Seramas have grown immensely popular over the last decade because of their striking beauty and their incredibly small size!
They are the smallest chicken in the world reaching a height of 6-10 inches, so they’re perfect for the small urban backyard.
Along with their regal stature and bold personality, they’ll soon become the darlings of your chicken coop.
So, if you’re interested in a small chicken breed that is stunning in appearance and affordable to care for, let’s look a little closer at their egg laying, their personality, and their background so you can decide if these bantams are right for you…
The Serama chicken is a true bantam breed which means that there is no large counterpart chicken.
They are no more than 10 inches tall when standing upright which is the reason they are growing in demand as a backyard chicken and a beloved house pet.
Despite Seramas being new to North America, these little chickens are well-known in Singapore.
In fact, the Serama originated in Asia in the 1600s.
They come from the Kelantan province in Malaysia and are also known as the Malaysia Serama. Seramas included the selective cross breeding of the Japanese and Malaysian bantams.
The Seramas that you find today were developed in 1970 by Wee Yean Een. To honor King Rama, a Thai king, this breed by Wee Yean Een received the name ‘Serama”.
DID YOU KNOW
Serama chickens will not breed true to one color or size.
If you breed Serama chickens you may find that some birds are larger or smaller than others. Only the birds of 10 inches or less qualify as an accepted size for this breed.
Importation to the USA
These bantams were imported to the States by poultry hobbyist Jerry Schexnayder in the year 2000.
Around the same period, An Asian Bird Flu epidemic swept across the country affecting hundreds of birds that had to be culled, but thanks to dedicated breeders, the Serama recovered after the Asian Bird Flu pandemic.
Only a few years after being imported to the US, the Serama Council of North America was formed with the purpose of establishing a breed standard prior to their APA acceptance.
The breed was imported to the UK in 2004 but consisted of a crossing of the North American and the Malaysian Serama otherwise known as the Ayam Serama.
What are Serama Chickens Used for?
Despite Seramas being year round layers, their small eggs are not useful for production purposes.
They are also not considered meat birds because of their tiny size.
Serama chickens are ornamental birds as they were bred for their beauty, their pint-size, and their friendly nature.
Both silky and frizzle varieties are available but only normal feathered birds are accepted in Malaysia and only the smooth feathered birds are recognised by the American Poultry Association (APA) recognised.
The Serama chicken has a single red comb and a small head that appears slightly backwards when they stand upright.
The tiny chicken has red eyes with white or red earlobes. You will notice that they have a very short length between the tail feathers and the body creating a stout shape.
Their shoulders have a high position while their vertical wings are set perpendicular to their body and their feet partially visible. This might be the reason why some call them archangel chickens.
The breast is large and round that protrudes past the bird’s head when they stand erect. This very position gives Serama chickens an alert and regal look.
The legs must be yellow in color, wide set, and medium to long length. Their legs should be featherless and clean with four toes on each foot. The tail feathers must overlap and are broad in size but naturally larger in the roosters compared to the hens.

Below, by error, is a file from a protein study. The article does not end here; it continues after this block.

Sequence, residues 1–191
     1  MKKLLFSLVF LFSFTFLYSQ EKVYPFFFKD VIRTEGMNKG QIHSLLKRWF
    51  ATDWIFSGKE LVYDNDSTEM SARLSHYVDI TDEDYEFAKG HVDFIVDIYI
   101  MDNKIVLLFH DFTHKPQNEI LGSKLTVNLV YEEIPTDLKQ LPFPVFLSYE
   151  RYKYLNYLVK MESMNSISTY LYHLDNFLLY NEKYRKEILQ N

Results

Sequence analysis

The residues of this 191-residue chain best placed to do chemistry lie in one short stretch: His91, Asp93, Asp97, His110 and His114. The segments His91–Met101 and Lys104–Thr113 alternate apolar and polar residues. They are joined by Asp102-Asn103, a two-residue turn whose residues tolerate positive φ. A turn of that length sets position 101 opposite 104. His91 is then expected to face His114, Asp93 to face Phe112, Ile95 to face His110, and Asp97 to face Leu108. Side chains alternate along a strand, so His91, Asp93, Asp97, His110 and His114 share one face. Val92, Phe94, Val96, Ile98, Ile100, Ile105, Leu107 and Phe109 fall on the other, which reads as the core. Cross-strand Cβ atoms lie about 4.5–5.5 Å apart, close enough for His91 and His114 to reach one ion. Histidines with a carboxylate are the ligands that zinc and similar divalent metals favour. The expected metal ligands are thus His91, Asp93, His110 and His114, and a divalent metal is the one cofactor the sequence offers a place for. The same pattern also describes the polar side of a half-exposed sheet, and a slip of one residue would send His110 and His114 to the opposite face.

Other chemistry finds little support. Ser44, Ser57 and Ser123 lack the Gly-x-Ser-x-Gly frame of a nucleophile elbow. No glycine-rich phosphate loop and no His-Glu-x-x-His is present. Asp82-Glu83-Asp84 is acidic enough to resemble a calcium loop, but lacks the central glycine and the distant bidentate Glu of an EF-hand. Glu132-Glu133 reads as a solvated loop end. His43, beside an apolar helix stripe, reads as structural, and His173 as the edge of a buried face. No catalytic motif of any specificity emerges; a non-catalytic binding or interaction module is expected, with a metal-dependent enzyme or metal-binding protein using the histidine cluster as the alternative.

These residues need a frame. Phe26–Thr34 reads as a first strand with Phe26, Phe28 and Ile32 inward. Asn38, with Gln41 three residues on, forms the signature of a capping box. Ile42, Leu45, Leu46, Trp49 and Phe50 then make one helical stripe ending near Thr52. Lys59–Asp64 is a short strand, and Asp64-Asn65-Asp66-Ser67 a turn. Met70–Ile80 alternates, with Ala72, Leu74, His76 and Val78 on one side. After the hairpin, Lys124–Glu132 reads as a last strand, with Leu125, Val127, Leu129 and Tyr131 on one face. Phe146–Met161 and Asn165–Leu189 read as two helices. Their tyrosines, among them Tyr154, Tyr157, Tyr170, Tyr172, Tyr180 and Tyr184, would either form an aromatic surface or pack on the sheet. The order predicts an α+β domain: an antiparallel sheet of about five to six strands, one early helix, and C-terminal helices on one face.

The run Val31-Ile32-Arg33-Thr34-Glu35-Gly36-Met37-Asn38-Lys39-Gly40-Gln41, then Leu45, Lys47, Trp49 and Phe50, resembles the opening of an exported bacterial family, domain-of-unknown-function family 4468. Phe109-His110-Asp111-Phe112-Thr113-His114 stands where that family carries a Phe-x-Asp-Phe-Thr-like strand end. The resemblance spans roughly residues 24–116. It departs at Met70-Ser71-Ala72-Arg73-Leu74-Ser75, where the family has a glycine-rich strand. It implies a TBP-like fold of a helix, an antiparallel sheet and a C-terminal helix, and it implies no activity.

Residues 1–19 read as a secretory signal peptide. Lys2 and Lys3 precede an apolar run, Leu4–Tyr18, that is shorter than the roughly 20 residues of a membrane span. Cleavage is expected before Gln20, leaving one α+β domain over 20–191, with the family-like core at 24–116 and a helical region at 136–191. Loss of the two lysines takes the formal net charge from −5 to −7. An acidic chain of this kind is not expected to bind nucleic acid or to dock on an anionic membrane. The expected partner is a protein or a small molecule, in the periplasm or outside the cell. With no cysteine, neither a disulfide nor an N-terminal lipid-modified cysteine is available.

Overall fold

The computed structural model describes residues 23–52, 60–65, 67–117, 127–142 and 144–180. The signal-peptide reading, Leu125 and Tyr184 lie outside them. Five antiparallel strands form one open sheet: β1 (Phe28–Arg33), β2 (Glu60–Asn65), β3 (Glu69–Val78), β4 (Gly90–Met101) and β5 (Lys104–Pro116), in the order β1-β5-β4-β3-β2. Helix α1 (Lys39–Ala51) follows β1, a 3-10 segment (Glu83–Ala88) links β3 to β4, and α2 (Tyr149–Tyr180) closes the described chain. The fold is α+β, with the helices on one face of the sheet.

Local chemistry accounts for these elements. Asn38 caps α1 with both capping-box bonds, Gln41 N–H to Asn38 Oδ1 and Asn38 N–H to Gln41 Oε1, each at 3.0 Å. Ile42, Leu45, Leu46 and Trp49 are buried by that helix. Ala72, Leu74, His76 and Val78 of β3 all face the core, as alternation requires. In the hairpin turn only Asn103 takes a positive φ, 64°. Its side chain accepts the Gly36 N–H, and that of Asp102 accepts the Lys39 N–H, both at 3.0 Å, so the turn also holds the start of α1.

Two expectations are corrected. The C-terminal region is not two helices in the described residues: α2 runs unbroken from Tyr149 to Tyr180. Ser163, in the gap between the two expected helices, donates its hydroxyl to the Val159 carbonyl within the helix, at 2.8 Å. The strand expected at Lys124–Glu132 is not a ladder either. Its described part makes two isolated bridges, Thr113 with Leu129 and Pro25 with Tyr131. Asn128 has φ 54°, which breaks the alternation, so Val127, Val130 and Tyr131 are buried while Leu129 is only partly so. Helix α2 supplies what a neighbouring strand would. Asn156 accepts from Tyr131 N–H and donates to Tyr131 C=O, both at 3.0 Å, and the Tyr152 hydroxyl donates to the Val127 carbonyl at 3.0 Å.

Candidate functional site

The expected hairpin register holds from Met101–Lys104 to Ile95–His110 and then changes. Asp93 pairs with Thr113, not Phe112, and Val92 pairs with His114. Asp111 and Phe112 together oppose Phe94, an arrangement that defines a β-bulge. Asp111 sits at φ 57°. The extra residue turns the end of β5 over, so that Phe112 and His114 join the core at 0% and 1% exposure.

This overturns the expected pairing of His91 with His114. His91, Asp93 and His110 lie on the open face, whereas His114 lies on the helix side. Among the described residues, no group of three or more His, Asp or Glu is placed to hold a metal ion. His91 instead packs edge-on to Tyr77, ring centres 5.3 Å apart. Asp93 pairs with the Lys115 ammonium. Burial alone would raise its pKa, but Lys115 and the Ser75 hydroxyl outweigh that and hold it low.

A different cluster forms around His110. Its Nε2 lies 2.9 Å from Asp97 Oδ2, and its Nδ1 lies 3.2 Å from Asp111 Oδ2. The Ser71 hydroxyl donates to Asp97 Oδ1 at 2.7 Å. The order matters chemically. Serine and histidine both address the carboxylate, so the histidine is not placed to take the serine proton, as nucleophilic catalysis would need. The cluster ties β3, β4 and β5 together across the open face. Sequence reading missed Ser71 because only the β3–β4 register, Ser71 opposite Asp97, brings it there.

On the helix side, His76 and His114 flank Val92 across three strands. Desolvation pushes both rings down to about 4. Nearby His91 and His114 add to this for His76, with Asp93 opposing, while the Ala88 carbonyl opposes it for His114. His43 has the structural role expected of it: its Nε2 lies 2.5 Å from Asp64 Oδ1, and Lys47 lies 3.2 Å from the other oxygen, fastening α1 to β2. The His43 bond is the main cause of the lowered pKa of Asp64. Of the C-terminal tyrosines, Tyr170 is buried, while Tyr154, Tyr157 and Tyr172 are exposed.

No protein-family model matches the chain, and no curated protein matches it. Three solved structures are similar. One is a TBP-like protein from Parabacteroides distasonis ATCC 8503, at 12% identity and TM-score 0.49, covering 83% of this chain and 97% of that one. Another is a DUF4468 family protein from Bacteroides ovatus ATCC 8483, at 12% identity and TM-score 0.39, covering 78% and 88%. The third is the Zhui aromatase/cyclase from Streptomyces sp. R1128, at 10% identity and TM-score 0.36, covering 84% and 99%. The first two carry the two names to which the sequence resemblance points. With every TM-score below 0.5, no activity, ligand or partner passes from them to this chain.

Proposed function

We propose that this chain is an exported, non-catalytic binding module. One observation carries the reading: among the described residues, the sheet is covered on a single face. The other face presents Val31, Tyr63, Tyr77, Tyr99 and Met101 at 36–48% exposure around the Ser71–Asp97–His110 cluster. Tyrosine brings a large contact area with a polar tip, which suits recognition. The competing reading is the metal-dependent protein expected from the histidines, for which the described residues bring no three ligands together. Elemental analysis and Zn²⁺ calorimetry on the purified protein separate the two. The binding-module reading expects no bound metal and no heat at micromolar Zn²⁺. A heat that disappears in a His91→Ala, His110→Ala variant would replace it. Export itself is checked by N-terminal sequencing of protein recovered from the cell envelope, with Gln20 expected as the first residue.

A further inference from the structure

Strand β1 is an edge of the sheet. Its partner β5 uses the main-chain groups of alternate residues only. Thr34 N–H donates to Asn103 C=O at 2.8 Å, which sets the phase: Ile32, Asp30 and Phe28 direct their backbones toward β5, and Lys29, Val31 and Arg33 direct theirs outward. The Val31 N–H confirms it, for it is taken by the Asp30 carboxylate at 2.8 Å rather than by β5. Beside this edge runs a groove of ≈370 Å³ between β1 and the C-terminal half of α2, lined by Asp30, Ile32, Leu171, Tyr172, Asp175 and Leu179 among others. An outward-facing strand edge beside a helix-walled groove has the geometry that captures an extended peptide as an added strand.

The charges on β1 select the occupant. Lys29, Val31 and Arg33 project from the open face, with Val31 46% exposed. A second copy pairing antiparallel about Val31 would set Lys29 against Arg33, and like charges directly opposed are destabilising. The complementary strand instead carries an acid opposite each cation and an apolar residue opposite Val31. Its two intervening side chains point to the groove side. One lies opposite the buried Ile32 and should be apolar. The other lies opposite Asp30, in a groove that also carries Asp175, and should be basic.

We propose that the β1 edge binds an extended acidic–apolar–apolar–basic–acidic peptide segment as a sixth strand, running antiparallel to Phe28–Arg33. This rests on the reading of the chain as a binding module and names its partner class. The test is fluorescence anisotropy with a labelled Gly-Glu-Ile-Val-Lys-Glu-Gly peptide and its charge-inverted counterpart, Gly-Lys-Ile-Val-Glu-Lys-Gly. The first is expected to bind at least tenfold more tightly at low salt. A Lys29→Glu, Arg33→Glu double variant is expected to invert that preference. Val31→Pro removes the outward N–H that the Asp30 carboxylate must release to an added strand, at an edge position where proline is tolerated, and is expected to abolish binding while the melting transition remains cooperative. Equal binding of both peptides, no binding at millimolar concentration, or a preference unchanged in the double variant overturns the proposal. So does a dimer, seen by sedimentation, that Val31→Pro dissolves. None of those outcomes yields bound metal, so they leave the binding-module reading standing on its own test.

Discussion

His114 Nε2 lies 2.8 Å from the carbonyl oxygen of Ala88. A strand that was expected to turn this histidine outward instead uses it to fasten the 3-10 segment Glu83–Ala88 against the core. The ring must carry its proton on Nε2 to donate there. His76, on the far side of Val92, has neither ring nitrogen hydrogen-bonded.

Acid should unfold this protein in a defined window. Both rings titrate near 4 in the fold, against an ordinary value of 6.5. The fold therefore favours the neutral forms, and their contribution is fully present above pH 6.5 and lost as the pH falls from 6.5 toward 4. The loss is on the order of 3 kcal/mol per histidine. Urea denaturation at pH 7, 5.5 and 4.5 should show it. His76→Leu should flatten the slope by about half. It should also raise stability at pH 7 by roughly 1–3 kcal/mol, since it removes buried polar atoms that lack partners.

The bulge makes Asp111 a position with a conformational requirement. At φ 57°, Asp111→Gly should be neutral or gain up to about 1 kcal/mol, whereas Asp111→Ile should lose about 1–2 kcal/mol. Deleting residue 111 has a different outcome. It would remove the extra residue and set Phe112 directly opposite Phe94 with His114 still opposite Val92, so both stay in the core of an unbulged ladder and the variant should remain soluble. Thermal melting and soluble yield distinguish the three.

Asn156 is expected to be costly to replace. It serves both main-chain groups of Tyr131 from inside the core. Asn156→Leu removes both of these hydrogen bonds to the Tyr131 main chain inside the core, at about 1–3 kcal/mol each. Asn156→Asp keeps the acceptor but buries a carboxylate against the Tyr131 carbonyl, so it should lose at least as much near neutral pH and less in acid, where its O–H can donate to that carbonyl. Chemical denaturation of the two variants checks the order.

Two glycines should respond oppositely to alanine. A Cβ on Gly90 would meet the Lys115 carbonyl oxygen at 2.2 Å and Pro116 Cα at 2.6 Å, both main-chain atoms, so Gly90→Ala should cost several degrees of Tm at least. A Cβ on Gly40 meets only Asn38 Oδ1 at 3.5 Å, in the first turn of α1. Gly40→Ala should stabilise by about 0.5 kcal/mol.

You can find Serama colors such as gray, orange, wheaten, and blue but these are yet to be APA accepted.
The Serama hens weigh between 8-19 oz while the roosters weigh 13-19 oz.
The weight of the hens and roosters will depend on their size and weight class.
|Micro||Females reach 8 oz and males 13 oz.|
|A Class||Females weigh below 12 oz and males below 13 oz.|
|B Class||Females weigh less than 15 oz and males 16 oz.|
|C Class||Both males and females weigh 19 oz or less.|
The size of Serama chickens must be below 19 oz or it won’t be accepted by the relevant poultry clubs and the APA.
You can find Serama bantams smaller than the Micro class; however these smaller birds are rare because they are so difficult to hatch and to rear.
There are three distinct standards for this breed based on their location which include the US, UK, and its native country of Malaysia.
According to the Malaysian standard the Serama must have specific shapes such as apple, slim, ball, etc.
For the American Serama, bantam chickens must be a combination of apple and slim. In 2011, only the white variety was APA accepted but in 2018, the black color was also recognized.
In 2008, the Poultry Club of Great Britain recognized and accepted Seramas while 2011 saw the acceptance of the Serama breed by the American Bantam Association.
How Many Eggs Do Serama Chickens Lay?
The Serama hen lays between 180-200 eggs per year but despite its ability to lay eggs throughout the year, the size of each egg is very small.
When do they begin laying eggs? Serama hens are ready to lay by around 5 months of age but the number of eggs produced will differ according to the strain of the bird.
DID YOU KNOW?
Serama chicken eggs weigh between 14-18 grams each.
What Color Eggs Do Serama Chickens Lay?
The Serama egg colour ranges from white to dark brown but they can lay many colors including beige and pink.
Here’s a video of a serama egg being compared to a regular chicken egg.
Are Serama Eggs Hard to Hatch?
Hatching Serama chicks can be difficult and requires healthy parents and a perfect incubation period for chicks to start peaking through their shells.
Owing to their small size, a very small hen may struggle to cover all of her eggs so breeders suggest picking a few eggs to place under a broody hen and others will choose the best eggs to use in an incubator. Egg candling can help you identify the best eggs to incubate.